13336. The Exhibit A-1s state:
The administration of the amended Welfare Plan and of the insurance provisions
thereof, including, but not limited to, the selection and replacement of insurance
carriers, the purchase, renewal, cancellation and substitution of the appropriate
contracts of insurance, the collection and payment of premiums and the performance
of all necessary accounting, shall be solely by the Company. The Company shall
retain dividends and refunds, if any, from said policies of insurance.
e.g., Joint Exhibit 10 at 10. The Gallo court found that a clause giving the company “the right to
amend, cancel, or reinsure the policies or change the underwriters thereof, so long as [specified]
benefits are maintained for the life of this Agreement” was a reservation of rights clause. Gallo,
813 F.3d at 270 (alterations in original). Defendants argue that the Exhibit A-1 provisions are
equivalent to Gallo’s reservation of rights clause. ECF No. 437 at PageID #: 13336.
Unlike in Gallo, the Exhibit A-1s were governed by BLAs, which state: “Changes in, or
amendments to, the terms of this Agreement may be made at any time by mutual consent of the
Company and the Union. When amendment or revisions are made, they shall be reduced to
writing and be executed in the same manner as this Agreement.” E.g., Joint Exhibit 12 at 57
(1980 BLA). As has been determined by this Court, “the BLAs clearly recognize that Welfare
Plans are part of the ‘Agreement’ referenced in the mutual consent provision.” ECF No. 191 at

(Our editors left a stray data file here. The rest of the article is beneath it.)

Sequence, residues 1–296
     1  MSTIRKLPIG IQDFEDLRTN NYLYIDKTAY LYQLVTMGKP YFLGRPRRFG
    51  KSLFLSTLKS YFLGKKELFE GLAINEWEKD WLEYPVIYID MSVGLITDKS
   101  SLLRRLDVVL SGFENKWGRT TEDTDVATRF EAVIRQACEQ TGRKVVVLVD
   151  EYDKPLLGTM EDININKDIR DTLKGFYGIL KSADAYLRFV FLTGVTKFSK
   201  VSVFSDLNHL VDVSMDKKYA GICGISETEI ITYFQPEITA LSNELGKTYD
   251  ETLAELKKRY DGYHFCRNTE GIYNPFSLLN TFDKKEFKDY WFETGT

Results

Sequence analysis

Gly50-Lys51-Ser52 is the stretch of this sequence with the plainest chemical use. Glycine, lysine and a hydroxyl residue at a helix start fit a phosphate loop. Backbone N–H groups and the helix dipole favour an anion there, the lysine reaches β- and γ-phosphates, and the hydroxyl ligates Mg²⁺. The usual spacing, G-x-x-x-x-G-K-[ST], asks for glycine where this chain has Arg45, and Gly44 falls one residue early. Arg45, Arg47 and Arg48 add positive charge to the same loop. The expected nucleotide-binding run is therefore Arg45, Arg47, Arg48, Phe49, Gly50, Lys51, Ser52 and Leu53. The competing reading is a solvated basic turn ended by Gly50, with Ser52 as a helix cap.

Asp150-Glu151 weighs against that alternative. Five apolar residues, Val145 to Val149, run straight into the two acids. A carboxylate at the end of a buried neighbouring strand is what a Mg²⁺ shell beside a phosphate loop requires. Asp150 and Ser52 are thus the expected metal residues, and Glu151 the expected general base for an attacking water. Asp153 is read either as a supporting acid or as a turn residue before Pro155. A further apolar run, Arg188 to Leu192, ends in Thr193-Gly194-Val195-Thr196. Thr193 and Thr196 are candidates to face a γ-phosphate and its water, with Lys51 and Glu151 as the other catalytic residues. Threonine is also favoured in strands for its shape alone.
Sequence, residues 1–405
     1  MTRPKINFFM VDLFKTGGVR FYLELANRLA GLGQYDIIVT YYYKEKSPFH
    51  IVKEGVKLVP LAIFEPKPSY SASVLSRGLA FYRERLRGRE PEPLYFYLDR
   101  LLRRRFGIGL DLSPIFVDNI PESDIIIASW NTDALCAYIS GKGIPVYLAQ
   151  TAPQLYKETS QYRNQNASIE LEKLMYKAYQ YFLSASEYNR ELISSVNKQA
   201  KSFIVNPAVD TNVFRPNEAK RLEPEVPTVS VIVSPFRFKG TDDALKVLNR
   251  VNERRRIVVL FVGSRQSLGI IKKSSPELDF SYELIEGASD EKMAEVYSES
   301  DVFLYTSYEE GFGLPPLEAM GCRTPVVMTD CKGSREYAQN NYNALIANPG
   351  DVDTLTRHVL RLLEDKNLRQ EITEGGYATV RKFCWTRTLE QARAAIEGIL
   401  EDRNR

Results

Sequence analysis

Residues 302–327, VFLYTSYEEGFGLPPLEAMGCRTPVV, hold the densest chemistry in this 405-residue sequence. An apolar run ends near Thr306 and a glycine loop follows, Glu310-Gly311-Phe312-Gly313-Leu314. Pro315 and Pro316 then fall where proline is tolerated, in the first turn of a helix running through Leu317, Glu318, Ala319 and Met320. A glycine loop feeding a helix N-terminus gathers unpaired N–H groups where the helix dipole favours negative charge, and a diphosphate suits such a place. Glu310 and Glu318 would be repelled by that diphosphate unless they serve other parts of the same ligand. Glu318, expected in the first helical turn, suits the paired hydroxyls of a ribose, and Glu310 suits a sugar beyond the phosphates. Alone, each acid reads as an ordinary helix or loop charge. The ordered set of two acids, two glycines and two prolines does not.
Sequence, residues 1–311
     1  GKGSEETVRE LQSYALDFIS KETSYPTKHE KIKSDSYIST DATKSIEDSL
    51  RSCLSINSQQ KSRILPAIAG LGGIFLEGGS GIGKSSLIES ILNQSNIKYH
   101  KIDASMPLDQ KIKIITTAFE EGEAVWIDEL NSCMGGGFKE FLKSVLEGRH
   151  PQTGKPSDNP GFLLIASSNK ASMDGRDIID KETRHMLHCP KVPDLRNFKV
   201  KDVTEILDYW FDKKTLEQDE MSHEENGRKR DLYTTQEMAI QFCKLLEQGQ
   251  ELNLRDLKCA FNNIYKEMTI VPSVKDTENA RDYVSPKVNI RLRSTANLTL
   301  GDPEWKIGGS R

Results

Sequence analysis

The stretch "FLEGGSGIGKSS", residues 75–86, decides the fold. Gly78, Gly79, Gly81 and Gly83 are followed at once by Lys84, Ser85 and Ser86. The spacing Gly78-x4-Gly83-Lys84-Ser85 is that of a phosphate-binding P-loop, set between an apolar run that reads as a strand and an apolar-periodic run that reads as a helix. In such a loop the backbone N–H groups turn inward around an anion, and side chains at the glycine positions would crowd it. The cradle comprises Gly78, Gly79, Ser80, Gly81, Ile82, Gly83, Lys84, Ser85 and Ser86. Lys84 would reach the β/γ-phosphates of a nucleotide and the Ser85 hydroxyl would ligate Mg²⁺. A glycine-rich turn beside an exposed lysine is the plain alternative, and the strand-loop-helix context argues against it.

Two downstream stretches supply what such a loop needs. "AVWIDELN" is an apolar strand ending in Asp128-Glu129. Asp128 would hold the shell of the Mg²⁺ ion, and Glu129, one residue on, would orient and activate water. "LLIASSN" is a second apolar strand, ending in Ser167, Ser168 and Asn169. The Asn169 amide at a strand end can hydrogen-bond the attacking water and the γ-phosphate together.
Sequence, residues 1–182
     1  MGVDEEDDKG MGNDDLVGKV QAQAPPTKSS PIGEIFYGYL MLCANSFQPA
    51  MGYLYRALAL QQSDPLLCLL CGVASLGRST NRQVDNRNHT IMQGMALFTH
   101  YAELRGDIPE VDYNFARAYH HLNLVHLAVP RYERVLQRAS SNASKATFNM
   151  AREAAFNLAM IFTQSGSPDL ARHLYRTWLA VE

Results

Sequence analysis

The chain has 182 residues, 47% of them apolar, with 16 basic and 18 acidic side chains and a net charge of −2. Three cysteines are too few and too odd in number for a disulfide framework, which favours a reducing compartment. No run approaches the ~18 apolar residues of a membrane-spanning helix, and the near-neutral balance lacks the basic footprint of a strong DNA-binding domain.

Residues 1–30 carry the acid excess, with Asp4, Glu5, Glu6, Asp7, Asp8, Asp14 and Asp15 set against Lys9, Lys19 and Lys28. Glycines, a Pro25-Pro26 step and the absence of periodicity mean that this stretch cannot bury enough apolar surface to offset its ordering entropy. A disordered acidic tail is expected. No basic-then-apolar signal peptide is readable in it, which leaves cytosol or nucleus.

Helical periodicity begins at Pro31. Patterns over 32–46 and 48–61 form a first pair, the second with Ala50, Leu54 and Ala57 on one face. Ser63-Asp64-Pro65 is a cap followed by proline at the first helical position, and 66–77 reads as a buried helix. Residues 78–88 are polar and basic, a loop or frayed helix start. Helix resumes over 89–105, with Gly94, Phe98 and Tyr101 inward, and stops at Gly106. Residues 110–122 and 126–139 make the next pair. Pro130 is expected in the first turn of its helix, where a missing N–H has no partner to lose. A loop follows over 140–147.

PageID #: 6326. No such mutual consent provision was present in Gallo, and the Court finds
this case distinguishable from Gallo’s reservation of rights clause.
Defendants also argue that these agreements incorporate the reservations of rights from
Group Insurance Plans and Summary Plan Descriptions issued between 1980 and 2009. ECF
No. 437 at PageID #: 13336 (citing Gallo, 813 F.3d at 269–70). The Court has determined that
these clauses, found in unilaterally published benefits summaries, were not incorporated into the
CBAs. ECF No. 191 at PageID #: 6323 (citing Moore v. Menasha Corp., 690 F.3d 444, 455–56
(6th Cir. 2012) and Bender v. Newell Window Furnishings, Inc., 681 F.3d 253, 264 (6th Cir.
2012)); ECF No. 310 at PageID #: 10190–91; ECF No. 360 at PageID #: 10744. Defendants,
citing testimony from the first phase of trial and case law already considered by the Court, offer
no reason for the Court to reconsider its rulings. See, e.g., ECF No. 437 at PageID #: 13338
(citing ECF No. 360 at PageID #: 10743–44 (discussing Bd. of Trs. v. Moore, 800 F.3d 214 (6th
Cir. 2015)) in support); see also Sault Ste. Marie Tribe of Chippewa Indians v. Engler, 146 F.3d
367, 374 (6th Cir. 1998) (“A motion under Rule 59(e) is not an opportunity to re-argue a case.”).